"At that point, I grounded him" and also confiscated his iPod and phone, Watson said. She searched for rehabilitation centers where he could volunteer and receive education, but she found nothing suitable for someone so young.

"Quite honestly, I thought that it was a phase he'd get over," Watson said. "I never perceived he'd end up dead."

Last October, Connor's father moved out, and the couple has since divorced.

Watson said she had frequently talked to Connor about not drinking alcohol, smoking or using illegal drugs. She discreetly checked her son's breath for whiffs of alcohol or smoke when he returned home from events.

However, she didn't emphasize the hazards of prescription drugs, not realizing how widespread abuse has become.

Now Watson wrestles with grief and self-examination that she tries to channel into action. She talks to her son's friends when they stop by. She blogs her insights at http://www.loveyadubya.com. She urges others to lock up their medications or dispose of them at sites that will incinerate them. She's joining Cottonwood Heights police officers who will collect unneeded medications at Saturday's second-annual National Prescription Drug Take-Back Day.

She urges parents: "Don't stick your head in the sand. It could be your kid."

"Not a big safety window" • The level of oxycodone in Connor's 105-pound body was in the toxic to lethal range, but the number of pills he ingested is unknown, said Cottonwood Heights police Sgt. Corbett Ford.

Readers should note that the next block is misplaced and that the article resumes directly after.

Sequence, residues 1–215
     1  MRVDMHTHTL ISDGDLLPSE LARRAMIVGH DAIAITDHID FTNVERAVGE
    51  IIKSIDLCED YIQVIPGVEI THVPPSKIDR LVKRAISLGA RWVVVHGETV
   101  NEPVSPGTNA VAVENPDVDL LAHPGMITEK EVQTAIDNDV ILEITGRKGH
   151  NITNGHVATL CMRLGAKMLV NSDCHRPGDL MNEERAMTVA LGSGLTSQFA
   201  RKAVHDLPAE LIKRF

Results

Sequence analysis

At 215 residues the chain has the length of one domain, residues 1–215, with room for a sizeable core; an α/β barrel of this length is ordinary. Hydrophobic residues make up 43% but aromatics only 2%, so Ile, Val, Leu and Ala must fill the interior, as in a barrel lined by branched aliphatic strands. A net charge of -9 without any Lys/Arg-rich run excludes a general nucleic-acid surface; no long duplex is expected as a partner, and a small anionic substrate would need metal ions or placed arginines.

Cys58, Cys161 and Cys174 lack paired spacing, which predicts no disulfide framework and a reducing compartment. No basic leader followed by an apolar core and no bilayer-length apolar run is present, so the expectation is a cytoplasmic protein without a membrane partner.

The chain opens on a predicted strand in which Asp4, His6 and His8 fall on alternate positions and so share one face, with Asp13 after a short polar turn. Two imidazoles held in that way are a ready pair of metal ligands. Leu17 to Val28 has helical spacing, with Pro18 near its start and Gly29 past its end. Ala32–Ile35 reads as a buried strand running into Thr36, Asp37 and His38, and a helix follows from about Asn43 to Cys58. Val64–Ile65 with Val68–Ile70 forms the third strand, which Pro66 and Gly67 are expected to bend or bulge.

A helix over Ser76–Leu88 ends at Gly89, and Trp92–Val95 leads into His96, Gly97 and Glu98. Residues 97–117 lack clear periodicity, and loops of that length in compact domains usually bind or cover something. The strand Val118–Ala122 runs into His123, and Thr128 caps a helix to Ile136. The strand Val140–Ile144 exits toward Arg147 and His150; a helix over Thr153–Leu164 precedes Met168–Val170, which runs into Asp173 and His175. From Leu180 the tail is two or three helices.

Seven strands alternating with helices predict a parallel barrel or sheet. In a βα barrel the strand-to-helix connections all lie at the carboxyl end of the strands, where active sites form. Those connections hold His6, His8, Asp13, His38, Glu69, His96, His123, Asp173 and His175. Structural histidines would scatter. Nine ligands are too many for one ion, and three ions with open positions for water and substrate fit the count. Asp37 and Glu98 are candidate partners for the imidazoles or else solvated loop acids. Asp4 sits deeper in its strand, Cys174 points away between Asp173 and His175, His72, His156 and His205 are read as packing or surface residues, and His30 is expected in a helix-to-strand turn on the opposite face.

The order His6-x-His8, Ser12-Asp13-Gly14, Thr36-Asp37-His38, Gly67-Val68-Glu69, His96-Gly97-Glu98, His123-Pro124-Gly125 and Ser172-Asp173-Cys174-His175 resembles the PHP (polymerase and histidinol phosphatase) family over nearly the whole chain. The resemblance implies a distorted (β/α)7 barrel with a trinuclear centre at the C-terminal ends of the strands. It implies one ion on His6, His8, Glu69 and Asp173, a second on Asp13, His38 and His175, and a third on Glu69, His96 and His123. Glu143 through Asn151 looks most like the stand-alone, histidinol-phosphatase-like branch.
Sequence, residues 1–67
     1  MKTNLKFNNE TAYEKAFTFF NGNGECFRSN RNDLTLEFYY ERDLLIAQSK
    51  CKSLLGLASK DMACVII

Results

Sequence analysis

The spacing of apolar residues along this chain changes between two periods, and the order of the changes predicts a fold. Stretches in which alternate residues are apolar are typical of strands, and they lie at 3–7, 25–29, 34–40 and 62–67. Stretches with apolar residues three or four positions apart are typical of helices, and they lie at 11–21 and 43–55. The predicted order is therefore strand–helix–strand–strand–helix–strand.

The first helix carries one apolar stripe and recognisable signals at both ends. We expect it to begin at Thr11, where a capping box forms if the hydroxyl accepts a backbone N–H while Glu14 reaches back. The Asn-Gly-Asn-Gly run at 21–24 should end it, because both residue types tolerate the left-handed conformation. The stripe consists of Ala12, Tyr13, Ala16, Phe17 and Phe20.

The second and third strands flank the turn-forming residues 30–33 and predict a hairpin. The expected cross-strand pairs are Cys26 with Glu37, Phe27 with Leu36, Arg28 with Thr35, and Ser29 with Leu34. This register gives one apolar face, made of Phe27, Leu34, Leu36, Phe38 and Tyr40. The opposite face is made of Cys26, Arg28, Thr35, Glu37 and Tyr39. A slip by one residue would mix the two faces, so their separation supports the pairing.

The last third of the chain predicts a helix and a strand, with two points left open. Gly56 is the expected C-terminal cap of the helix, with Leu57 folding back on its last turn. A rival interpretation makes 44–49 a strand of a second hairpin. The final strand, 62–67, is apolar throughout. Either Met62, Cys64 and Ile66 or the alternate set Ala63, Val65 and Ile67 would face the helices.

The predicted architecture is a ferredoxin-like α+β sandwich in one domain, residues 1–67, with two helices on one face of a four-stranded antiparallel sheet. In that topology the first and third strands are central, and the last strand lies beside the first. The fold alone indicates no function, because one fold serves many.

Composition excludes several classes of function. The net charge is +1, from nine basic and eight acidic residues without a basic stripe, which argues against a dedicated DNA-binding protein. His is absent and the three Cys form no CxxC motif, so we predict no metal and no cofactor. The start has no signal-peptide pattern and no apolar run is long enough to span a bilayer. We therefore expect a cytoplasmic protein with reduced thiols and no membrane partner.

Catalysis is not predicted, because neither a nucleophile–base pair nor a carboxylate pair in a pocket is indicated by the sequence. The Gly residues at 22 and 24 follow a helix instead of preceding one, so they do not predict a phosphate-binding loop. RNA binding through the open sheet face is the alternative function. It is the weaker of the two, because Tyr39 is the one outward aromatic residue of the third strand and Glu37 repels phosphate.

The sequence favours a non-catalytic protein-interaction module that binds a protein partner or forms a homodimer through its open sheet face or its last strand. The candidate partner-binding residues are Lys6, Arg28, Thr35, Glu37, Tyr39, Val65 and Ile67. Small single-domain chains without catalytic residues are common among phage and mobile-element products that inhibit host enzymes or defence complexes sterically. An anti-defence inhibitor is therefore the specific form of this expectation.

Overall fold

"When you're looking at toxicity, it depends on so many different factors," Ford said, noting the police investigation indicated that the teen "had experimented with a lot of different things."

Late on the night before his Dec. 5 death, Connor had sent a text to a friend that he had a headache and was going to take a couple of pills.

The levels at which opioids become toxic aren't dramatically higher than their therapeutic thresholds, Grey added.

"There's not a big safety window," Grey said. "If you play with prescription drugs any way you want, you're getting yourself into trouble. But 400-plus folks each year don't seem to get that message."

A toddler under the age of 2 was the youngest victim of an opiate overdose that Grey recalls. The circumstances of the child's death were unclear, and no charges were filed.

"Either the pills were left out and the child took them," Grey said, "or the pills were used as a form of baby sitter. No one could prove one or the other."

Grey and Cottonwood Heights Police Chief Robby Russo also warn that addiction to opioid prescription drugs can lead to a switch to illegal drugs, often heroin.

Turning the tide • South Salt Lake mother Terry Ann Olsen stopped filling her son's prescriptions when he appeared to have recovered from an all-terrain-vehicle accident five years ago.